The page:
Both McCain and Obama speedily announced support for the bailout, each insisting that there had to be "oversight." By urging that some new or beefed-up federal oversight agency would monitor the nation's financial institutions, they conveniently omitted the fact that existing watchdogs had for years allowed the federal wolf to fleece the sheep — the American public. Financial analyst Roger Ehrenberg tartly summed up the fleecing: "This is Robin Hood reversed." How wonderfully accurate! Robin Hood stole from the rich to give to the poor; the bailout will steal from the poor and the middle class to give to the rich.
While the two candidates and their ever-so-mild-mannered moderator danced around the economic crisis, they deftly ducked the complicity of the money-creating Federal Reserve. Among the Establishment's untouchables, the first and foremost is the Fed. By setting interest rates artificially low, the Fed has spurred malinvestments that are now harming the economy. By creating more and more money out of thin air, the Fed has diluted the purchasing power of the dollar, causing prices to rise.
It would have been wonderful to hear either McCain or Obama say something like: "Failing institutions should be allowed to fail." The assets of such firms would be bought up based on what healthier firms are willing to pay, as was the case with the failure of Washington Mutual. But no, what we heard repeated was that there would be an immense calamity if the government-Federal Reserve don't rescue the failing institutions. The recommendations offered by McCain and Obama, if implemented, would cause the national debt to soar and the dollar to plunge. It would also mean that foreign investors in America (especially China) would be able to increasingly dictate U.S. policy.
None of the establishment's views were countered during the rest of this charade. McCain worried about excessive government spending and Obama said he did too, but don't touch the social-welfare programs that account for most of the spending. Wouldn't you think either or both would attack the foreign aid programs? Giving away money, establishment's policy for decades, is sacrosanct.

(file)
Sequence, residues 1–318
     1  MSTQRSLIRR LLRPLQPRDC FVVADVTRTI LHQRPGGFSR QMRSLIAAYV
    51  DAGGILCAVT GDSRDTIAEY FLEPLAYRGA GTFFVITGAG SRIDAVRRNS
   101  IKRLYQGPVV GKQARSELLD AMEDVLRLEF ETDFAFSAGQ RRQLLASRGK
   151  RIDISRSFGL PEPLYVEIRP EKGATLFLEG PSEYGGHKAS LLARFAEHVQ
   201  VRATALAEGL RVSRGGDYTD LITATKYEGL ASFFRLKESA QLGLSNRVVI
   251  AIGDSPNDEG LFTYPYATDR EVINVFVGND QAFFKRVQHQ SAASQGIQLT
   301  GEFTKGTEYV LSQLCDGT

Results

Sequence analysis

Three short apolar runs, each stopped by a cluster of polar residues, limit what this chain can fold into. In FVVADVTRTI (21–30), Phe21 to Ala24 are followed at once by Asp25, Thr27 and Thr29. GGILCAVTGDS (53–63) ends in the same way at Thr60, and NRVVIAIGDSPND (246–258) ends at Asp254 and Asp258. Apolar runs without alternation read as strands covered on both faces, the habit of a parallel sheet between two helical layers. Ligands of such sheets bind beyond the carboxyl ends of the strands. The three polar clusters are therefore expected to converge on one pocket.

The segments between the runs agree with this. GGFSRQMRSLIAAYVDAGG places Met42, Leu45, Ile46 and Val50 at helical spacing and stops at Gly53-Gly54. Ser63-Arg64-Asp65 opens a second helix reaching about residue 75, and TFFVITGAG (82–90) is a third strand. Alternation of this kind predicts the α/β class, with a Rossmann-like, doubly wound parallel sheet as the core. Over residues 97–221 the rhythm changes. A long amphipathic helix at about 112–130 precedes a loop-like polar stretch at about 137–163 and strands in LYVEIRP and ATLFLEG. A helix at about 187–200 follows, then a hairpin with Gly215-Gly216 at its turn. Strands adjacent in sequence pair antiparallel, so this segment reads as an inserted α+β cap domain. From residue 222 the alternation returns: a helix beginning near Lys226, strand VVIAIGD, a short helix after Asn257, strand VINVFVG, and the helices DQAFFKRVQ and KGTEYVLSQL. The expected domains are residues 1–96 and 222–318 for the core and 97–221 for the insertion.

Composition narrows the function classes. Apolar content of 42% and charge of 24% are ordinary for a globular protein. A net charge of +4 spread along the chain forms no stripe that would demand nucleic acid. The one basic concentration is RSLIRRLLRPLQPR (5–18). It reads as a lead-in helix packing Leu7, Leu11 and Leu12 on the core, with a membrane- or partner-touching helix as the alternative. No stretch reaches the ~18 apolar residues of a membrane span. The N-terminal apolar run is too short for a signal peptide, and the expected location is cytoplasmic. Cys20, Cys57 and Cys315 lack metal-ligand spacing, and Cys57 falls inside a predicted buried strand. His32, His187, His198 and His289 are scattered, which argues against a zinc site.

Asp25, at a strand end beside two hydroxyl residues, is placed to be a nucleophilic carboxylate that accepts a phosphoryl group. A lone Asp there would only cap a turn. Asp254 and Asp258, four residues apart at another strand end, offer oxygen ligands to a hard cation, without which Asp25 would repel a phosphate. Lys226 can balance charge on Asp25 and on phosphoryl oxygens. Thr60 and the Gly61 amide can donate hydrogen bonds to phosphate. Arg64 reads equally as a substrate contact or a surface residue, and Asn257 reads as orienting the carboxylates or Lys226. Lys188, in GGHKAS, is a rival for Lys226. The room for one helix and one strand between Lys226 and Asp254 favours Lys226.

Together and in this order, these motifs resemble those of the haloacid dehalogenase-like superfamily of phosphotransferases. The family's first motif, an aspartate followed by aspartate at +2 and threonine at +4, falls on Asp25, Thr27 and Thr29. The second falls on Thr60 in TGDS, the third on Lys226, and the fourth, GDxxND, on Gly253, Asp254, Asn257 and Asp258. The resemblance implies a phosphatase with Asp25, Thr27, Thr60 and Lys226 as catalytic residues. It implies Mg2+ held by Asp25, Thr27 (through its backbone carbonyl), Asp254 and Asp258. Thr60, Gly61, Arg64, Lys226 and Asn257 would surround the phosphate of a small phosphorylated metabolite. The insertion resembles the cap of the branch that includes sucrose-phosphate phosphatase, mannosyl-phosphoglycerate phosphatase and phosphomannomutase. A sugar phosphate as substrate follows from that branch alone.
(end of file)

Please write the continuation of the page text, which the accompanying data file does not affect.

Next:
The two sparred about the wars in Iraq and Afghanistan without any mention of the Constitution being violated by sending troops into undeclared wars. Both claimed (Obama reluctantly) that the "surge" in Iraq had succeeded but neither pointed to the Sunni-Shiite truce as the most significant reason why. We must have "victory" insisted McCain without ever defining what it would entail. Obama, who opposed the Iraq War from the beginning, now calls for expanding the operation in Afghanistan. The awful truth is that the Iraq War has always been authorized and, therefore, influenced by the United Nations. And the Afghan conflict is under the overall jurisdiction of NATO, a United Nations subsidiary. Shouldn't our nation's continued membership in the world body have been mentioned?
Posing himself as the consummate foreign policy expert, McCain proudly pointed to his support for U.S. intervention in Bosnia, in Kosovo, and in Somalia, more UN operations. He obviously applauds the idea that the United States should be the world's policeman under UN oversight. He lamented that Russia is impeding UN designs in Georgia. Obama called for adding Georgia and Ukraine to NATO, a position shared by McCain.
Throughout this supposedly substantive confrontation, McCain offered claims about his opponent that Obama immediately denied. No bother, the proud "maverick" repeated the tactic, something he employed in the earlier GOP candidate debates, prompting one columnist to make note of the Arizona senator's "testiness," a gentle way of referring to downright falsehoods. McCain made the debate about Obama. Obama tried to correct numerous meritless accusations while assuring viewers that his credential as one of the nation's leading liberals is totally accurate.
Neither senator lost or won the debate. But there was a winner: the liberal, internationalist and interventionist, establishment. And there was a loser: the American people.